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The term “periodontal” means “around the tooth”. Periodontal disease (also known as Periodontitis and Gum Disease) is a common inflammatory condition that affects the supporting and surrounding soft tissues of the tooth, and characterized by red, swollen and bleeding gums.
Plaque is a sticky film of food debris, bacteria and saliva. If plaque is not removed, it turns into calculus (tartar). When plaque and calculus are not removed, a bacterial infection develops that affects the gums when the toxins contained in plaque begin to irritate and inflame the gum tissues. Once this bacterial infection colonizes in the gum pockets between the teeth, it becomes much more difficult to treat.
Periodontal disease is a progressive condition that eventually leads to the destruction of the connective tissue and jawbone. As the infection progresses, it starts to burrow deeper into the tissue causing inflammation or irritation between the teeth and gums.
The natural response of the body is to destroy the infected tissue, which is why the gums appear to recede. The resulting pockets between the teeth deepen and, if no treatment is sought, the tissue that makes up the jawbone recedes, causing unstable teeth and eventual tooth loss.
The Leading Cause of Tooth Loss
Periodontal disease is the leading cause of tooth loss among adults in the developed world, more than tooth decay by a 2-to-1 margin, and should always be promptly treated. Four out of five people have periodontal disease, and do not know it because the disease is usually painless in the early stages.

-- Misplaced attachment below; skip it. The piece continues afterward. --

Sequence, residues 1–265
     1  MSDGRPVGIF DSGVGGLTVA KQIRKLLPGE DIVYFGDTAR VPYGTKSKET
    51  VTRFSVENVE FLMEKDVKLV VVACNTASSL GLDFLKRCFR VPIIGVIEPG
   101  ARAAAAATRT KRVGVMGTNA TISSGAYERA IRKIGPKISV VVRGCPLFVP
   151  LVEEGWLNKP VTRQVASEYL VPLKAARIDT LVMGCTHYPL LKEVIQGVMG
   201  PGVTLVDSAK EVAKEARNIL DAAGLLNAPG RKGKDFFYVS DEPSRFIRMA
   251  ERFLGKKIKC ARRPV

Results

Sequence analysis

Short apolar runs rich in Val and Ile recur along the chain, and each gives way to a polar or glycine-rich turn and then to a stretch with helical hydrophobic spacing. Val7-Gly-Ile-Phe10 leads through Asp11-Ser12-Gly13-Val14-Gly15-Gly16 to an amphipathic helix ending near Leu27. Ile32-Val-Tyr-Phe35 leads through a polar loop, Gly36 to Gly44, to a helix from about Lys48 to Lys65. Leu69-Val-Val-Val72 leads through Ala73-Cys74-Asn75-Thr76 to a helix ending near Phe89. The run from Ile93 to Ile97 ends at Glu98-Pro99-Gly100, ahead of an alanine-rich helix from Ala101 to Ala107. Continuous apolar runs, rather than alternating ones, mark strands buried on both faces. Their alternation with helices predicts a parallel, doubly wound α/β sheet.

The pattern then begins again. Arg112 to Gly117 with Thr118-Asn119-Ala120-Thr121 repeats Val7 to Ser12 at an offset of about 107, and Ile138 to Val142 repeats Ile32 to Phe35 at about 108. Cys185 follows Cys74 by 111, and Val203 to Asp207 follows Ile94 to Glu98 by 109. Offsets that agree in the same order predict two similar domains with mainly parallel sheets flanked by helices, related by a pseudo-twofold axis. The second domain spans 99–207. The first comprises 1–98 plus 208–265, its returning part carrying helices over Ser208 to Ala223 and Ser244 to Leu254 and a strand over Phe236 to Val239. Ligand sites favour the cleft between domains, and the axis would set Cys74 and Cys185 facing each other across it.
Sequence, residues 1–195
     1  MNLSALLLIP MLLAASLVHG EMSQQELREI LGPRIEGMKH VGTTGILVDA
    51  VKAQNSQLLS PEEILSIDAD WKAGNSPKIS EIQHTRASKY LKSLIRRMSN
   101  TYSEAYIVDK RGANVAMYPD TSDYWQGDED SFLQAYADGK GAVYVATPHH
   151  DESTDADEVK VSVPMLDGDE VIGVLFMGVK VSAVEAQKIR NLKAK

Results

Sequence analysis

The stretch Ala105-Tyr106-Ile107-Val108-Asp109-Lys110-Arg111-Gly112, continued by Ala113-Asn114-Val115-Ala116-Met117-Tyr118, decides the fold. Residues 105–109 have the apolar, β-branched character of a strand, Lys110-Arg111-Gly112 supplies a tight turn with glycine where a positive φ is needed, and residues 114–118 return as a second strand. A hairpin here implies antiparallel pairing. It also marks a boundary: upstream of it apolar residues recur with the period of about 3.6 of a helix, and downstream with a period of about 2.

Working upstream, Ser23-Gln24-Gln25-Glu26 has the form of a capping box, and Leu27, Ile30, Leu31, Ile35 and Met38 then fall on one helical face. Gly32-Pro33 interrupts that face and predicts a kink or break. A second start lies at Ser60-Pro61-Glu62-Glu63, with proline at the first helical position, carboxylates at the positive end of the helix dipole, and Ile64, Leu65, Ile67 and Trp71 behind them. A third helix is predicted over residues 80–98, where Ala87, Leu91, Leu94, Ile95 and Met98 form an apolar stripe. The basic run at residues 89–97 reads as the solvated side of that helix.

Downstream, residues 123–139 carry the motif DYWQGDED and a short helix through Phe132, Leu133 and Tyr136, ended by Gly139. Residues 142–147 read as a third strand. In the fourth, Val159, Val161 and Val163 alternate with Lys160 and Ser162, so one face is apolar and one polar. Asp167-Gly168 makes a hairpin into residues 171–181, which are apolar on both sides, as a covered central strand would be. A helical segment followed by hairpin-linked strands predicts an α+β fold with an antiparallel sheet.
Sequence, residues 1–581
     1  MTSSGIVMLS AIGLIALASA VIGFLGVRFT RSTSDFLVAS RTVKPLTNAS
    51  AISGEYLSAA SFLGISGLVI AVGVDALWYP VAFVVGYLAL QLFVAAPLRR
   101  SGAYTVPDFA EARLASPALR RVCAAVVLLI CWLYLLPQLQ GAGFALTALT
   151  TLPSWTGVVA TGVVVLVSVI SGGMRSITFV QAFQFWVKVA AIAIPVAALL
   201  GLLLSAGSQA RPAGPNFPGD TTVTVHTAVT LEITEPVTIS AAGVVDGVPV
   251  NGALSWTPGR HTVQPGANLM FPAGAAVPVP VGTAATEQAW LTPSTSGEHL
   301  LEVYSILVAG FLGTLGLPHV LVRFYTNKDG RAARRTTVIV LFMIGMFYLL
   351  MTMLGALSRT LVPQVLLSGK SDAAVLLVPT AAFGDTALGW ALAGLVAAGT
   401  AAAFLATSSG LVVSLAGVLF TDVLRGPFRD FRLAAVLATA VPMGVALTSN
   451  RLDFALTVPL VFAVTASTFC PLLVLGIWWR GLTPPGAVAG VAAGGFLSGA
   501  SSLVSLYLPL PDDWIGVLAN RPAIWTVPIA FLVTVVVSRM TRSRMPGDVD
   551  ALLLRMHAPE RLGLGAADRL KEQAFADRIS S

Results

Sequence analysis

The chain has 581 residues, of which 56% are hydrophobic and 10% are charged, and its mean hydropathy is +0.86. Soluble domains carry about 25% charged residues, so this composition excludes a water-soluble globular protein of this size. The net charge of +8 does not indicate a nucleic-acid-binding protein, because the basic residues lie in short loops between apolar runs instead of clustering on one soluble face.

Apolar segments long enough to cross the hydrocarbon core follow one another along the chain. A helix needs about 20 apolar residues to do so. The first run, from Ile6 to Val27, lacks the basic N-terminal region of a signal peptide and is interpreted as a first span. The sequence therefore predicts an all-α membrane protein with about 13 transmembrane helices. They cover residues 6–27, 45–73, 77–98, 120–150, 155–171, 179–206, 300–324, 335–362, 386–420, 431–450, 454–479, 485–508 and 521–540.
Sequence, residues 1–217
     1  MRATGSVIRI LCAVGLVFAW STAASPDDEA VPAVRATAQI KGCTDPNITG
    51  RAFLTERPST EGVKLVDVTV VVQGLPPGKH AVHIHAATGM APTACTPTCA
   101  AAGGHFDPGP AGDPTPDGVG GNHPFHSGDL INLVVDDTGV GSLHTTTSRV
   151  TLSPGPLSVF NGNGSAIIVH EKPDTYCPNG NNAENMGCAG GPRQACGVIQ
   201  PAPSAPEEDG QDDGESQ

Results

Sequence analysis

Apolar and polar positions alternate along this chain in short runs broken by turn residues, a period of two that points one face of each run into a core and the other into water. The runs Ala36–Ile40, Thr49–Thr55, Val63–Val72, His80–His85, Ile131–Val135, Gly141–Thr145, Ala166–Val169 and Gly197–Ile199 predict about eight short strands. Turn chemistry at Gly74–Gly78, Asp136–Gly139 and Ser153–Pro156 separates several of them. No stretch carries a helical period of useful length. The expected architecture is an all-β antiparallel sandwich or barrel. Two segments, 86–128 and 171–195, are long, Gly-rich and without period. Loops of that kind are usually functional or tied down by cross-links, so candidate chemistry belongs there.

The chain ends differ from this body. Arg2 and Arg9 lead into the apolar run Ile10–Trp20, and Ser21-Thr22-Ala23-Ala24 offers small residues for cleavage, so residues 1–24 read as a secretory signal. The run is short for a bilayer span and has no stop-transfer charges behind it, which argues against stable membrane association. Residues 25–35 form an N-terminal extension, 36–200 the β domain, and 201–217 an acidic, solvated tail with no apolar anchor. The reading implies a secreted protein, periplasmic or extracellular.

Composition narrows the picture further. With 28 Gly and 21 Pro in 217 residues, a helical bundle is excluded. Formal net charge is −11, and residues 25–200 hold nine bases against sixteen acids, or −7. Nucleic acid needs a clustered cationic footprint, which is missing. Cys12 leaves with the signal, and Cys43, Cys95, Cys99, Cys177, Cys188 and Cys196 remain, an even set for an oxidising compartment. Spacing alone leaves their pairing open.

Not only is it the number one reason for tooth loss, research suggests that there may be a link between periodontal disease and other diseases such as, stroke, bacterial pneumonia, diabetes, cardiovascular disease, and increased risk during pregnancy. Researchers are determining if inflammation and bacteria associated with periodontal disease affects these systemic diseases and conditions. Smoking also increases the risk of periodontal disease.
Periodontal disease is treatable but not curable. You will have this disease for the rest of your life. Left untreated, it destroys the bone that holds your teeth. The good news is that it is controllable and the key to controlling it begins with a thorough diagnosis, effective regular treatment and maintenance. Good oral hygiene, a balanced diet and regular dental visits can help reduce your risk of developing periodontal disease.
Assess Your Risk for Periodontal Disease
The American Academy of Periodontology provides a patient self-assessment tool that will help you see if you are at risk for having or developing periodontal disease. Please take a few moments to complete the short questionnaire.
Once your answers are submitted, a proprietary calculation determines whether you are at low, medium or high risk, and generates a report of your results. This Periodontal Disease Risk Score and the information contained in your report should not be construed as dental advice or as a substitute for a comprehensive evaluation and diagnosis by a qualified practitioner. Rather, this report is intended to help educate patients about common risk factors related to periodontal diseases, and to assist in the decision of when referral to a periodontist would be advisable.